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Title: De Leone et Mure: The Lion and The Mouse, by Abstemius


Latin Text:



Leo laqueo captus in silva, cum se ita irretitum videret ut nullis viribus se inde posse explicare confideret, murem rogavit ut, abroso laqueo, eum liberaret, promittens tanti beneficii non immemorem futurum. Quod cum mus prompte fecisset, leonem rogavit ut filiam eius sibi traderet in uxorem. Nec abnuit leo ut benefactori suo gratum faceret. Nova autem nupta ad virum veniens eum, cum non videret casu illum, pressit atque contrivit. Haec indicat fabula matrimonia et cetera consortia improbanda quae ab imparibus contrahuntur.


Here is a segmented version to help you see the grammatical patterns:



Leo
laqueo captus in silva,
cum
se ita irretitum
videret
ut
nullis viribus
se inde posse explicare
confideret,
murem rogavit
ut,
abroso laqueo,
eum liberaret,
promittens
tanti beneficii non immemorem
futurum.
Quod
cum mus prompte fecisset,
leonem rogavit
ut filiam eius sibi traderet
in uxorem.
Nec abnuit leo
ut benefactori suo
gratum faceret.
Nova autem nupta
ad virum veniens eum,
cum non videret casu illum,
pressit atque contrivit.
Haec indicat fabula
matrimonia et cetera consortia
improbanda
quae ab imparibus contrahuntur.

Crossword Puzzle: You can play a crossword puzzle based on the vocabulary in this fable.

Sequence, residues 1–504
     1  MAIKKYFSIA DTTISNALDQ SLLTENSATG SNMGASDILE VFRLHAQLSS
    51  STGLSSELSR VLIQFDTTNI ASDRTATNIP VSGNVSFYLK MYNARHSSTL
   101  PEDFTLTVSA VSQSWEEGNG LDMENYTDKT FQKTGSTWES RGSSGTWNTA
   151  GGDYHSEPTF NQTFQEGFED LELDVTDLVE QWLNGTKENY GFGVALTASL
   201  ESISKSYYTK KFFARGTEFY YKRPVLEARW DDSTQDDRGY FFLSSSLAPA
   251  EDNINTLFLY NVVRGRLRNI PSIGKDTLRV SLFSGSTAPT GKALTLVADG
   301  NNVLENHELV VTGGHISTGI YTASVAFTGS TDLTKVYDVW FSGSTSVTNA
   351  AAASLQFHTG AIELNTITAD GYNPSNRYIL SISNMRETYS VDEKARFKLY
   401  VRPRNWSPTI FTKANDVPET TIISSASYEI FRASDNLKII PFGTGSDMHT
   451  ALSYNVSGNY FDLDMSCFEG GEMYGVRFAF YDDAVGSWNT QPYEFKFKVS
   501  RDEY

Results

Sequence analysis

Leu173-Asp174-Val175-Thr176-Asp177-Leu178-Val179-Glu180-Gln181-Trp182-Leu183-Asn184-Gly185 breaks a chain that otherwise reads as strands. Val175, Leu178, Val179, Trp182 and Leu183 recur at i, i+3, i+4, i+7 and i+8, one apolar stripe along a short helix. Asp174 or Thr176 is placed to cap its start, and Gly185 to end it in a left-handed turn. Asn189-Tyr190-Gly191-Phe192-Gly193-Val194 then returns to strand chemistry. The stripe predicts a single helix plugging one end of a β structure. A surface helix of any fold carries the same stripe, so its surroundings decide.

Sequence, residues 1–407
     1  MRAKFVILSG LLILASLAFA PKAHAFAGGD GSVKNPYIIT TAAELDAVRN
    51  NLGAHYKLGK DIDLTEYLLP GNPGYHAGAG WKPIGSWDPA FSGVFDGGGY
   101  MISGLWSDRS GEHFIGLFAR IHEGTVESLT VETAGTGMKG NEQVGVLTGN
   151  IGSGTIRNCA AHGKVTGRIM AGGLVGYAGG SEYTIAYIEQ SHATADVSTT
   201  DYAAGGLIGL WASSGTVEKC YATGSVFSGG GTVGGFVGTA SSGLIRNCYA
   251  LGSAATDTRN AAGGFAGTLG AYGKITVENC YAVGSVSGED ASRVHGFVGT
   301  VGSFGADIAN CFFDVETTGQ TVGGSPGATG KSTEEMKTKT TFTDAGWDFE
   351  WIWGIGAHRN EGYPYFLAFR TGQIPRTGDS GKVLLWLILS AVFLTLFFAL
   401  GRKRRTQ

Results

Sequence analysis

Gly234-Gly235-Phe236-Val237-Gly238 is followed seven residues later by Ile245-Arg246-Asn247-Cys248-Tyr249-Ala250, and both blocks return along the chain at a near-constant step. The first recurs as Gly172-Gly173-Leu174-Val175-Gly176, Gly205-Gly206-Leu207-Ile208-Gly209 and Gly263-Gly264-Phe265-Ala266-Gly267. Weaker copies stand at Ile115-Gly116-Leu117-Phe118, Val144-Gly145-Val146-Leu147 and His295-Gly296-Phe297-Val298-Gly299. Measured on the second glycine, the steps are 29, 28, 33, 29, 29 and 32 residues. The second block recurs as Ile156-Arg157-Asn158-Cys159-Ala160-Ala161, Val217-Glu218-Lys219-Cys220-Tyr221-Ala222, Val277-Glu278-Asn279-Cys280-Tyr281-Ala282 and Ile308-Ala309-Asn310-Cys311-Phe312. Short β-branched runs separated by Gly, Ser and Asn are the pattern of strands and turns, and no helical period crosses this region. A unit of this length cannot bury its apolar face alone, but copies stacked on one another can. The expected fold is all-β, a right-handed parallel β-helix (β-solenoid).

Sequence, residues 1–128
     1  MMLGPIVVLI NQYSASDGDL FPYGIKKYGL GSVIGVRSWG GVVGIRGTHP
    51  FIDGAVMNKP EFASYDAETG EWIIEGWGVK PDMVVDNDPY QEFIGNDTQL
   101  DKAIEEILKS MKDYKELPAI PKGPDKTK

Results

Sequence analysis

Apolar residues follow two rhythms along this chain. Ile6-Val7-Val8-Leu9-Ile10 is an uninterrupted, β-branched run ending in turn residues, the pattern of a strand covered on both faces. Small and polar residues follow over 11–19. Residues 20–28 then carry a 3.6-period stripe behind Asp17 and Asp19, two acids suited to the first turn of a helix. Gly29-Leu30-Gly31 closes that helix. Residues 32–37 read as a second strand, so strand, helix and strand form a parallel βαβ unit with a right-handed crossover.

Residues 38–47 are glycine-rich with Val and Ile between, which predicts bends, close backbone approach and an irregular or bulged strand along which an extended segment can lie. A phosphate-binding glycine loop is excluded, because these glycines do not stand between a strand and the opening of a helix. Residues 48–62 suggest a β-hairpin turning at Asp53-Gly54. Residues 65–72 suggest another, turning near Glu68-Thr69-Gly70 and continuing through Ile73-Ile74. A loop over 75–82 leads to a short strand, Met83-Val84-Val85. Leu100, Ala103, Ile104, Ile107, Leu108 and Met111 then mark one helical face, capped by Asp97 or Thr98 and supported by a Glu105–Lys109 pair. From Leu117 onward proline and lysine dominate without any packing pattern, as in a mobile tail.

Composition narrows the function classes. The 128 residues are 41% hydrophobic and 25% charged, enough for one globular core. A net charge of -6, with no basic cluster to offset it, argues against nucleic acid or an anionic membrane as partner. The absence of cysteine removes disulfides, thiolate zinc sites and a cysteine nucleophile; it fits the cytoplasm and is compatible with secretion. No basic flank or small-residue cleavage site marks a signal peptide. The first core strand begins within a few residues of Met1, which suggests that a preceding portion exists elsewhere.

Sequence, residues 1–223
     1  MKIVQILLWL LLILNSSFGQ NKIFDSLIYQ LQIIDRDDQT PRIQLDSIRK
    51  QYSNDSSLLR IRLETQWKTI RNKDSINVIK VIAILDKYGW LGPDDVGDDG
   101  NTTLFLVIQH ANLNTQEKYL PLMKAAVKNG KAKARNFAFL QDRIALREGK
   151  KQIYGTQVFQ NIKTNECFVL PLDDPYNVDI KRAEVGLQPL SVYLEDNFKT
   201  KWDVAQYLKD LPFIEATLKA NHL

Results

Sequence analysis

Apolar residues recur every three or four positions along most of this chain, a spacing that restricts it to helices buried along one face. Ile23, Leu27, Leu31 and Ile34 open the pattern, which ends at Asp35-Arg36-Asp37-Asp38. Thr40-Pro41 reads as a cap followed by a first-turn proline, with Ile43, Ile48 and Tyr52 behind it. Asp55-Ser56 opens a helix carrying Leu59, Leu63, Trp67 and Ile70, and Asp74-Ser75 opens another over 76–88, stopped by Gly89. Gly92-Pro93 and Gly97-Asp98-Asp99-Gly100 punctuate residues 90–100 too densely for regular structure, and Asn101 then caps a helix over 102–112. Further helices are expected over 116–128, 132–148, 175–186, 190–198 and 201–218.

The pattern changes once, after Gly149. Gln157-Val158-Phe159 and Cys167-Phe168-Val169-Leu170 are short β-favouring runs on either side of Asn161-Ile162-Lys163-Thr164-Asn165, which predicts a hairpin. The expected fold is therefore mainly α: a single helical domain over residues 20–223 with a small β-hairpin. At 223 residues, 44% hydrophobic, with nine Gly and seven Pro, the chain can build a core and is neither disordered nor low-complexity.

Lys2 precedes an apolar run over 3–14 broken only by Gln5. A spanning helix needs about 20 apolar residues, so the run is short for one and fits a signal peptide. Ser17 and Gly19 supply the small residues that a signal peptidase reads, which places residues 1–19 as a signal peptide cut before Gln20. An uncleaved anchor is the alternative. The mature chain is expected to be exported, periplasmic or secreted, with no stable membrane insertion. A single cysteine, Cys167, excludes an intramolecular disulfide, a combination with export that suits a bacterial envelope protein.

Translation:



A lion was captured by a net in the woods and when he saw that he was so entrapped that he could not trust even all his strength to get him out of there, he begged a mouse to set him free by gnawing on the net, promising that he would not in the future forget such a great favor. When the mouse readily did this, he then asked the lion to give him his daughter as a wife. The lion did not refuse to do this favor for hsi benefactor. When, however, the new bride came to her husband, she did not happen to see where he was, and so stepped on him and ground him to a pulp. This afble shows that marriage and other alliances are not to be approved which are contracted between unequal parties.



[This translation is meant as a help in understanding the story, not as a "crib" for the Latin. I have not hesitated to change the syntax to make it flow more smoothly in English, altering the verb tense consistently to narrative past tense, etc.]



Source: Abstemius 52 (You can see a 1499 edition of Abstemius online, but I am doing my transcription from the 1568 edition of Aesopi fabulae in the EEBO catalog.) You can also find this story included in Barlow's Aesop, with an illustration showing the mouse underfoot!



Another English translation. Sir Roger L'Estrange included the fables of Abstemius in his amazing 17th-century edition of Aesop's fables. So, here is L'Estrange's translation:



A Lion that found himself hamper'd in a Net, call'd to a Mouse that was passing by, to help him out of the Snare, and he'd never forget the Kindness, he said. The Mouse gnaw'd the Threads to pieces, and when he had set the Lion at Liberty, desir'd him in requital to give him his Daughter. The Lion was too generous to deny him any thing; but most unluckily as the new Bride was just about to step into the Marriage-Bed, she happen'd to set her Foot upon her Husband at unawares, and crush'd him to Death.
The Folly of an Inconsiderate Love. The Force of Gratitude, and good Nature, and the Misery that accompanies Unequal Matches.



[Note: You can find more of these fables at the old blog address for Latin Via Fables.]
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